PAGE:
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Friday, November 7, 2014

How ex-Frito Lay interns gave away valuable creative services for free

In a world of opportunism, gray areas within business ethics and corporate law inevitably get exploited. The Taco Bell Locos Doritos taco is an example of just how spicy things can get. This is evident in a recent revelation that a group of interns from the 1990s claim to have actually invented the concept of a Doritos Taco. Moreover, the Huffington Post reports that a former intern named Andrea Watt developed the idea with three other interns and has the pictures to prove it.

What is the "Doritos Locos Taco"?

According to Taco Bell, the Doritos Locos Taco is described as follows:
Doritos Locos Taco
Doritos Locos Tao resembled intern's creation
”A Taco Supreme® made with premium seasoned beef, crisp lettuce, diced juicy red ripe tomatoes, real cheddar cheese, topped with cool reduced-fat sour cream, in a shell made from Nacho Cheese Doritos® Chips”.
This product was made available to the public on March 8, 2012 and is reported to have already generated over $1 billion in revenue. Moreover, since the Doritos Locos Taco is actually a Taco Supreme, it is not actually the Taco that has been recreated as much as the shell.

Intern's argument

The issue with the Doritos Locos Taco is that it resembles a possible, but potentially ethical transgression of creative attribution. In other words, the former intern wants recognition for something she contributed to regardless of any formal rights to that recognition. In terms of common decency, human respect and other similar notions, the intern's complaint seems to have merit, but does it? Perhaps not in a corporate context that must protect itself from giving away too much credit in fear of being sued in a similar way Facebook was by the Winklevoss twins. They were the ones who claimed to have developed the idea behind Facebook.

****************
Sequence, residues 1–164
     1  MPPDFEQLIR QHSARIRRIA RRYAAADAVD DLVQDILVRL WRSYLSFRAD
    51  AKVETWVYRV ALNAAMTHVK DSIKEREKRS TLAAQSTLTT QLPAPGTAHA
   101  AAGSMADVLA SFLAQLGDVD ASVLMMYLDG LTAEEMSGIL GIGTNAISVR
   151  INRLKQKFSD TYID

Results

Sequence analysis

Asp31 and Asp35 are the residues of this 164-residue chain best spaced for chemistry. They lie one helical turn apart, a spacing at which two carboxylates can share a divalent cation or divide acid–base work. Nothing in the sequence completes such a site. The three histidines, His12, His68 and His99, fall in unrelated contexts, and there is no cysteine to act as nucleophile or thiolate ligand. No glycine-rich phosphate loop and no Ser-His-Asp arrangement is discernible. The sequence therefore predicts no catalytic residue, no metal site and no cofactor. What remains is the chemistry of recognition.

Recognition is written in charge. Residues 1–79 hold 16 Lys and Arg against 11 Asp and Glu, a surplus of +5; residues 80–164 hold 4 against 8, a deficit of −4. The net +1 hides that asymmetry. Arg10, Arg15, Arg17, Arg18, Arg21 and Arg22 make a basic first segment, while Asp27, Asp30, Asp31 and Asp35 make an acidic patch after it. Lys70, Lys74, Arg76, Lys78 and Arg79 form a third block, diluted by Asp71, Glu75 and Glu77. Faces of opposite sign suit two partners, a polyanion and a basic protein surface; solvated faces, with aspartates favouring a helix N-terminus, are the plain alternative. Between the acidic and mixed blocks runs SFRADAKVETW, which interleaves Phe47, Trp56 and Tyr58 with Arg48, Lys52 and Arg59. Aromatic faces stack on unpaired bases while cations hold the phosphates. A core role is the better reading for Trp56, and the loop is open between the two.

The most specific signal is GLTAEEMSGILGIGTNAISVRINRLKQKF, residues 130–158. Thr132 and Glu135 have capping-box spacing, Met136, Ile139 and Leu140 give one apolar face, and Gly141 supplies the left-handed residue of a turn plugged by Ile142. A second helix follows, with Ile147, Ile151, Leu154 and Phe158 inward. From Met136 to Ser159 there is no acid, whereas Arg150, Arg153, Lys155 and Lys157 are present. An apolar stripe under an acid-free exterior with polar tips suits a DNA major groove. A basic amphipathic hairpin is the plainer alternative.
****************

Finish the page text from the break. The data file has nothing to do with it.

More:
Legal validity

A problem with the argument made by Andrea Watt is that U.S. law does not protect “ideas, systems or methods of operation” per the U.S. Copyright Office. More specifically, although ideas can be copied, it is only the expression of those ideas that may be legally owned. Since expression itself already seems like an unclear term, the legal basis of what the Doritos Locos Taco actually is has the potential for many differentiating nuances and subtleties. Employer regulations may also have little extra to add to the intern's argument as it requires an “educational” element for unpaid internships that may be argued to have been actualized via the contest within which the idea was spawned. Moreover, if the interns were paid, then the giving up rights by virtue of employment also becomes a possible issue.

Problems with resolution

Distinct differences with the expression of the Doritos Taco proposed by Watt and her fellow interns, and that sold by Taco Bell challenge the claim of concept creation. First of all, the interns' taco featured by the Huffington Post is triangular whereas the Taco Bell one is not. Secondly, the Taco Bell taco is called the “Doritos Locos Taco” while the interns creation was referred to as “Dorito Tacos”; the documented executive feedback about using the brand name “Doritos” with the taco idea doesn't seem to help their case. In addition, as Watt is quoted as having stated, if any legal waivers were signed prior to the idea competition, then that may have transferred rights of ownership to the contest sponsor or corporation.

The line that marks the creative merit of ideas is one that humans cross on a daily basis whether it be the remaking of old-story lines in a different film or the replication of a successful new football formation. The Taco Bell Doritos Locos Taco seems to be no exception to this rule. Several people have already claimed they created the Doritos Taco idea before Watts came forward, and one man even sued Taco Bell for it per the Daily Business Review. Thus, not only has the creation of the Doritos Locos Taco become an issue, but so does the question of whether or not corporate public acknowledgement of that creation has the potential to quickly become a slippery legal slope granting costly financial rights to idea creators.

Image: theimpulsivebuy, "Taco Bell fiery Doritos Locos Taco"; CC BY-SA 2.0